Spier is a participating employer in the Pinotage Youth Development Academy which seeks to educate and employ disadvantaged youth in the wine industry.

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Living in some of the province’s most impoverished communities, Tree-preneurs are taught how to care for indigenous trees and plants.

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Harambee youth employment accelerator

Spier recruits entry-level staff through Harambee, an initiative that sources, trains and places unemployed young people from disadvantaged backgrounds into their first jobs.

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Pack for a purpose

Pack for a Purpose invites visitors to Spier to fill spare space in their luggage with much-needed books, stationery and other educational supplies for disadvantaged young students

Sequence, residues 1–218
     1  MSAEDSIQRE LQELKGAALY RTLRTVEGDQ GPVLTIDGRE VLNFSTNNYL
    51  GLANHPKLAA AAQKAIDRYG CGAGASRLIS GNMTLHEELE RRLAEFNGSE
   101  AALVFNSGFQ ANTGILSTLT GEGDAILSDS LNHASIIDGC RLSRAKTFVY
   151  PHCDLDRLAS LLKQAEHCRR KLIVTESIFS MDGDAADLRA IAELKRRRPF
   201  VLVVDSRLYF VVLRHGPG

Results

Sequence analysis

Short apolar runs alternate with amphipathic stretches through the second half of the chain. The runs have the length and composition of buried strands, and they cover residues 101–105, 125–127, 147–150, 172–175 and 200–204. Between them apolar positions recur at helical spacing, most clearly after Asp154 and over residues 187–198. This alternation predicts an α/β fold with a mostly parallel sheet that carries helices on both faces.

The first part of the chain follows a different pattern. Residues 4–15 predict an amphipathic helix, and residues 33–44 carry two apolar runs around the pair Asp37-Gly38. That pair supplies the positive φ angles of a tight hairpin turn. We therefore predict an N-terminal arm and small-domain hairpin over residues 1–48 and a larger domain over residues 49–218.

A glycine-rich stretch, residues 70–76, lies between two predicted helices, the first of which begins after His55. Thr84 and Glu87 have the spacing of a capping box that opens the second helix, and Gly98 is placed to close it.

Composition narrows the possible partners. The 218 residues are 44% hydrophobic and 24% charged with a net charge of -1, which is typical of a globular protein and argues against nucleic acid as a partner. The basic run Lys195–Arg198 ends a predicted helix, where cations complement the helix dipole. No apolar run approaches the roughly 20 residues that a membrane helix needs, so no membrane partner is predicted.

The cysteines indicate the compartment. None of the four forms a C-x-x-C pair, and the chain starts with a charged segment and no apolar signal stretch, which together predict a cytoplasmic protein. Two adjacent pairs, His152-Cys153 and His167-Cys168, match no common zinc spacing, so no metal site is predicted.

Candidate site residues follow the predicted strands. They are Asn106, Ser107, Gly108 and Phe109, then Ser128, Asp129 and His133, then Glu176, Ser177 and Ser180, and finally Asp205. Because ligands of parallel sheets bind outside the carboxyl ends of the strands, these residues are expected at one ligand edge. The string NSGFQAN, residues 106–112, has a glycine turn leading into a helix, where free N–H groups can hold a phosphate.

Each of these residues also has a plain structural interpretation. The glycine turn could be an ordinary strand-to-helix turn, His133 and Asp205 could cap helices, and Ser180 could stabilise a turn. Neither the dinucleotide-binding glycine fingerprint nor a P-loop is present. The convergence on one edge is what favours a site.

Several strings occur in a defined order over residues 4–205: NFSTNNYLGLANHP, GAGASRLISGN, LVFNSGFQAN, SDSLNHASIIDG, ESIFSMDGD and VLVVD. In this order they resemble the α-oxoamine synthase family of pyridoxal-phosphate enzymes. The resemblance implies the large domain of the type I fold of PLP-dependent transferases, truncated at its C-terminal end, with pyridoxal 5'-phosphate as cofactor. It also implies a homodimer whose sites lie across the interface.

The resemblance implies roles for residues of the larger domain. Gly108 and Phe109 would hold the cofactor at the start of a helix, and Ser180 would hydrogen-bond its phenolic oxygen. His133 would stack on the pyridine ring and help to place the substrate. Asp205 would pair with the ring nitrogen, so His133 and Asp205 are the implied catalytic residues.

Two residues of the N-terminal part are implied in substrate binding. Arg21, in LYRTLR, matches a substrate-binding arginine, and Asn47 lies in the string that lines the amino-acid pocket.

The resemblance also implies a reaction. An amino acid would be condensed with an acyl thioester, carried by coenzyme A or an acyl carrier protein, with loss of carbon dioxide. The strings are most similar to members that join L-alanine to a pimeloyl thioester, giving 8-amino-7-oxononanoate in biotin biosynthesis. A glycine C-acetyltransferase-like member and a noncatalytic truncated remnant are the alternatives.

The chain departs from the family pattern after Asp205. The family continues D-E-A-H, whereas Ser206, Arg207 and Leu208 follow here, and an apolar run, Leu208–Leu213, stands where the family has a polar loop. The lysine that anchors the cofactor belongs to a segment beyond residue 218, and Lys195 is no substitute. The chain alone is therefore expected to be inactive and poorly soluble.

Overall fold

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Living Soils Community Learning Farm

Based at Spier, this learning and demonstration farm produces nutritious food using eco-friendly regenerative farming methods while empowering a new generation of farmers.

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A Living Tribute to Contemporary South African Art

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Reducing and reusing water

100% of Spier’s black and grey wastewater is recycled using a centralised wastewater treatment plant installed in 2007.

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An ethical supply chain

We ensure integrity throughout our supply chain by monitoring the agreed commitments in our Spier Supplier Ethical Code of Conduct, which includes compliance with all relevant labour, health and safety and environmental legislation.

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Nurturing nature

Our land is holistically farmed to create a diversified, balanced ecosystem with minimal impact on the environment.

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The Spier Nursery

The Spier Nursery was established to propagate and grow indigenous trees and plants that are specific to the region to re-introduce these onto the farm.